Not-so-rare-earth elements? Massive discovery of rare earth deposit near Japan could allay supply woes | The American Ceramic Society

Not-so-rare-earth elements? Massive discovery of rare earth deposit near Japan could allay supply woes

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[Image above] Samples of rare-earth element yttrium. Credit: Museum für Naturkunde Berlin; Flickr CC BY-NC-ND 2.0

If you’re concerned about supply of rare-earth elements—a group of 17 elements indispensable to current and future technologies—you might want to commence the celebrations.

Scientists reportedly discovered a massive deposit of rare-earth elements in the western North Pacific Ocean, off the coast of Minamitorishima Island in Japan, in 2013. And now, they report that not only is the deposit sufficiently massive in terms of its estimated rare-earth resource supply, but that recovery of said minerals is rather feasible.

The scientists estimate that the amount of rare-earth oxides stashed in the “most promising area” of the widely-distributed supply totals some 1.2 Mt—and that the total supply in the entire area would yield 16 Mt of rare-earth oxides.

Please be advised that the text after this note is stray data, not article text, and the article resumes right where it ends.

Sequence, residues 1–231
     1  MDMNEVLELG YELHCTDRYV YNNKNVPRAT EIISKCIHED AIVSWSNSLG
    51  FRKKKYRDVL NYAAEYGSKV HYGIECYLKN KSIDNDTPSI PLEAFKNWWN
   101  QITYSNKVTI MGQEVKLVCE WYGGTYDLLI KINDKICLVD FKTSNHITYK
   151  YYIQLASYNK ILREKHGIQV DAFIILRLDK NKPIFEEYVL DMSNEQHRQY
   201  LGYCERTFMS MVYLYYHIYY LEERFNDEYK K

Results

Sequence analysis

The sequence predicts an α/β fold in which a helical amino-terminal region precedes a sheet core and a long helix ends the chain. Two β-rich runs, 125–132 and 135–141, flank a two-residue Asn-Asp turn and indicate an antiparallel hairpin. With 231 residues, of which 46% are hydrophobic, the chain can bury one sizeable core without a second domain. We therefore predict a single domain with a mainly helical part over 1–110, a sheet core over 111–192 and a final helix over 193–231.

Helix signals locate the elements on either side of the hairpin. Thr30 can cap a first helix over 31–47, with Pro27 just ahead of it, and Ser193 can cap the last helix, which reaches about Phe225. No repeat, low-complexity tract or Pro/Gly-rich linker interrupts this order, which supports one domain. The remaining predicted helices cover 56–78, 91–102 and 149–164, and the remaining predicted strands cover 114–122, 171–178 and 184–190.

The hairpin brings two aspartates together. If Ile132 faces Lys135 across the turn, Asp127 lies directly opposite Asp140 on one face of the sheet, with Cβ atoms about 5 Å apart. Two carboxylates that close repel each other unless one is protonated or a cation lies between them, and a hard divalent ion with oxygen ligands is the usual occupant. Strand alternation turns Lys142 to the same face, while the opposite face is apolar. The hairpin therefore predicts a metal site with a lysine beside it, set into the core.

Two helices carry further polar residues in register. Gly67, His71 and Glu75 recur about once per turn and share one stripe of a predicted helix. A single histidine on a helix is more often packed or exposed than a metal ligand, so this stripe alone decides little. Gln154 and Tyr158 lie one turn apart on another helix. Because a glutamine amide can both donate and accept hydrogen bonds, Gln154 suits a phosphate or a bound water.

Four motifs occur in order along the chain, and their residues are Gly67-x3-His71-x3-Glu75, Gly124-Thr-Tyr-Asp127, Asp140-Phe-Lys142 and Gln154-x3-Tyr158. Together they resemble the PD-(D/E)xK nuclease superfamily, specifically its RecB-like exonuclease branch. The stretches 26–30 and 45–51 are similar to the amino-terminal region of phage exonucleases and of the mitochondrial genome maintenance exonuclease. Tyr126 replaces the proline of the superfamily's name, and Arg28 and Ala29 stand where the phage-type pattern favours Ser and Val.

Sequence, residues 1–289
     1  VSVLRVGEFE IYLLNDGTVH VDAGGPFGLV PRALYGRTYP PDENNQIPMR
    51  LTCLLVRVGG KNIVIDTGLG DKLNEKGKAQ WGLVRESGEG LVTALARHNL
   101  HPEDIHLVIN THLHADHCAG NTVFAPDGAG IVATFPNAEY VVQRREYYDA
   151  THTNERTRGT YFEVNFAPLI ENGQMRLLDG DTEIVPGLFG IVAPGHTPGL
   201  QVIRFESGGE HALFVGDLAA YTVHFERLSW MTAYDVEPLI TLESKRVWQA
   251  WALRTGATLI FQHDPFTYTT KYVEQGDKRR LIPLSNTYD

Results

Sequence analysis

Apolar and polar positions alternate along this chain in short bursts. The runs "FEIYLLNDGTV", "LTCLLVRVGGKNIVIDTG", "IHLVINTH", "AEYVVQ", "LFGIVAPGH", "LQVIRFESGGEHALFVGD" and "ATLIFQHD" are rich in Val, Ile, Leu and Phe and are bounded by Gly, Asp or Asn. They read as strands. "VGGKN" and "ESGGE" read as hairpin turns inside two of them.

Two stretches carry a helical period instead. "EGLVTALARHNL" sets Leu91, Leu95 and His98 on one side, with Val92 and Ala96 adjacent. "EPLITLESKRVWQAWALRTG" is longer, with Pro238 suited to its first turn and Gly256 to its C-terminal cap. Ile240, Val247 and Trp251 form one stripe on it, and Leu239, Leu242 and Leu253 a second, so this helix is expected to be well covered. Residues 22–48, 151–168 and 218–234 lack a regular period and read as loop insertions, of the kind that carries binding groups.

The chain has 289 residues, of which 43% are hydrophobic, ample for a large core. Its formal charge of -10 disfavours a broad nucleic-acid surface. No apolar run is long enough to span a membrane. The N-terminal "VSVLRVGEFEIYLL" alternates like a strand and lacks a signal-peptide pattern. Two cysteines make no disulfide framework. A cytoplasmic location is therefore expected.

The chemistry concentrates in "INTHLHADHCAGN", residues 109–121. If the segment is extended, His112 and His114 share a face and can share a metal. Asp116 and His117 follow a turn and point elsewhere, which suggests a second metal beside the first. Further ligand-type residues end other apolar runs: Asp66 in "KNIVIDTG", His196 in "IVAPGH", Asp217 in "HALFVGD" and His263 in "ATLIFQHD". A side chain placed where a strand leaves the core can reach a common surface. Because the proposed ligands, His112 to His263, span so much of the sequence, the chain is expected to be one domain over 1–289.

Just how much is that? According the Scientific Reports paper describing the work, it’s enough to “supply these metals on a semi-infinite basis to the world.”

For example, the scientists also estimated supply on a per-element basis for some critical rare-earth elements:

  • 780 years worth of yttrium supply
  • 620 years worth of europium supply
  • 420 years worth of terbium supply
  • 730 years worth of dysprosium supply

Of course, the presence of the minerals isn’t enough cause for celebration—but the fact that the scientists’ analysis indicates that industrial-scale extraction and purification should be feasible through processing with a hydrocyclone separator makes the discovery quite remarkable.

The open-access paper, published in Scientific Reports, is “The tremendous potential of deep-sea mud as a source of rare-earth elements” (DOI:10.1038/s41598-018-23948-5).

A massive trove of rare-earth metals has been found in Japan from CNBC.

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